In August 2018, Sednit’s operators deployed two new Zebrocy components, and since then we have seen an uptick in Zebrocy deployments, with targets in Central Asia, as well as countries in Central and Eastern Europe, notably embassies, ministries of foreign affairs, and diplomats
Search results for: "sednit"
ESET researchers have discovered the first in-the-wild UEFI rootkit. Dubbed LoJax, the research team has shown that the Sednit operators used different components of the LoJax malware to target a few government organizations in the Balkans as well as in Central and Eastern Europe. The Sednit group is a resourceful APT group targeting people and
ESET researchers have shown that the Sednit operators used different components of the LoJax malware to target a few government organizations in the Balkans as well as in Central and Eastern Europe
Zebrocy heavily used by the Sednit group over last two years
Over the past few years the Sednit group has used various techniques to deploy their various components on targets computers. The attack usually starts with an email containing either a malicious link or malicious attachment.
Sednit is back - this time with two more zero-day exploits embedded in a phishing email titled Trump's_Attack_on_Syria_English.docx.
The IAAF has become the latest organization to fall victim to the cybercriminal gang Sednit.
Take a closer look at the cyberespionage group Sednit, which has targeted over 1000 high-profile individuals and organizations with phishing attacks and zero-day exploits.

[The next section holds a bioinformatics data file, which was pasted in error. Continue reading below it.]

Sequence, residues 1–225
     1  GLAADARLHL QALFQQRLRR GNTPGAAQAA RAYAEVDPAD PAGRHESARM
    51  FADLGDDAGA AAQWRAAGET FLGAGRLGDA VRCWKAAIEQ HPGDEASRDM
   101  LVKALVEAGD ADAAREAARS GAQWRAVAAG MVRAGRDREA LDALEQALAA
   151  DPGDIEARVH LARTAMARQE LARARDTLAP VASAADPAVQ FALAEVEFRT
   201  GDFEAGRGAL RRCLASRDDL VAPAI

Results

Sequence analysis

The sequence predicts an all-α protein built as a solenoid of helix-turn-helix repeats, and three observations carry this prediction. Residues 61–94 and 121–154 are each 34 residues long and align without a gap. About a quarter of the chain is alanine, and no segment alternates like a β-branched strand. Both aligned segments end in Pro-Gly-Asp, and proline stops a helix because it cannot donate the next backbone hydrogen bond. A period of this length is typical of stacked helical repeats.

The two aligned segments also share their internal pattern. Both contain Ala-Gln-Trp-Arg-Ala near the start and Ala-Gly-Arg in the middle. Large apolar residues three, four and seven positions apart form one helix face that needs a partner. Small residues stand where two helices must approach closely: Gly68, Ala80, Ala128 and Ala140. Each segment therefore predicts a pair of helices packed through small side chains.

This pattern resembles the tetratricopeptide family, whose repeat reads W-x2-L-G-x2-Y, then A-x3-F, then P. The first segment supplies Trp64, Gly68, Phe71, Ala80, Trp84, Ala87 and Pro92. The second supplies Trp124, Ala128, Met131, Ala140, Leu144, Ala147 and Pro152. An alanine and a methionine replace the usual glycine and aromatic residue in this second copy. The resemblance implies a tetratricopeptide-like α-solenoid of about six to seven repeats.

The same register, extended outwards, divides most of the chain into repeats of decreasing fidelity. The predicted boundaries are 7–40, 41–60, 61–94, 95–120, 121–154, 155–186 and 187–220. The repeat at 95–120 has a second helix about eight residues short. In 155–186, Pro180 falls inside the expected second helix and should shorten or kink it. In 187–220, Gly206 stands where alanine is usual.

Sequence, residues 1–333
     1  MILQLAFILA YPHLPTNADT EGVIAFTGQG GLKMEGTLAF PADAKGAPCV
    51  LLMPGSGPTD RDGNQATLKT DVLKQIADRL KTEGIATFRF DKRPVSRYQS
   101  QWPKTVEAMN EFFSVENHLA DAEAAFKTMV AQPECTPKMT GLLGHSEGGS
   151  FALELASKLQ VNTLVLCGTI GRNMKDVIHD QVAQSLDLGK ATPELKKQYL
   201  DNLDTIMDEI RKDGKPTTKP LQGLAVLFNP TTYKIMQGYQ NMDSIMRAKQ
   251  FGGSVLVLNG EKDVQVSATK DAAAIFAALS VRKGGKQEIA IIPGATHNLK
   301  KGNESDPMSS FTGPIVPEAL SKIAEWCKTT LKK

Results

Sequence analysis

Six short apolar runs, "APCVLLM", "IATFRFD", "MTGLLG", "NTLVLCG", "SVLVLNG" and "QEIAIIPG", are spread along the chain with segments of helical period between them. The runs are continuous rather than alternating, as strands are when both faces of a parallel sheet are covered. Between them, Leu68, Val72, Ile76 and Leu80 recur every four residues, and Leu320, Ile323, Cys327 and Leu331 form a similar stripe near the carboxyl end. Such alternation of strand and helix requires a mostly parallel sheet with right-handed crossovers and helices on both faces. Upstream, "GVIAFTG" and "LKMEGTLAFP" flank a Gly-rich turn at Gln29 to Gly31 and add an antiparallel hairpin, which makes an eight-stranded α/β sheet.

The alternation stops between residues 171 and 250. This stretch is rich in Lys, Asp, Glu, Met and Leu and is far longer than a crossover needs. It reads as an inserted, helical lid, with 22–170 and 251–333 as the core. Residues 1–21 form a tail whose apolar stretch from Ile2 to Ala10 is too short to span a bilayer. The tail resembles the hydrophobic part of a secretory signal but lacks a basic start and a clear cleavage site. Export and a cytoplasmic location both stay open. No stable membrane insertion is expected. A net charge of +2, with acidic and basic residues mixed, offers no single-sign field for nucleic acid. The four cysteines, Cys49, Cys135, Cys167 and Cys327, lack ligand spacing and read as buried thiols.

This feature offers a very digested read of ESET's trilogy of research papers on Sednit, one of the most notorious groups of cyberattackers in the world.
The full whitepaper “En Route with Sednit,” compiling parts 1-3.
In the third and final part of our whitepaper “En Route with Sednit,” we describe a special downloader named Downdelph.
In the second part of our whitepaper “En Route with Sednit”, we focus on Sednit’s espionage toolkit, which is deployed on targets deemed interesting after a reconnaissance phase (described in the first part of the whitepaper).
ESET's threat analysts have taken a closer look at the software used by Sednit to spy on its targets and steal confidential information.
Security researchers at ESET have released their latest research into the notorious and highly experienced Sednit cyberespionage group.
In the first part of our whitepaper “En Route with Sednit”, we focus on the methods used by the group to attack its targets, and on who these targets are.
The infamous Sednit espionage group is currently using the Hacking Team exploits disclosed earlier this week to target eastern European institutions.
The Sednit espionage group, also known as the Sofacy group, APT28 or “Fancy Bear”, has been targeting various institutions for many years. We recently discovered a component the group employed to reach physically isolated computer networks -- “air-gapped” networks -- and exfiltrate sensitive files from them through removable drives.
For at least five years the Sednit group has been relentlessly attacking various institutions, most notably in Eastern Europe. The group used several advanced pieces of malware for these targeted attacks, in particular the one we named Win32/Sednit, also known as Sofacy.
The extortionists attempt to scare the targets into paying by claiming to represent some of the world’s most notorious APT groups
What are the main security threats facing Linux? A Q&A with ESET Senior Malware Researcher Marc‑Etienne M.Léveillé, whose work has been instrumental in uncovering a number of malware strains hitting Linux servers.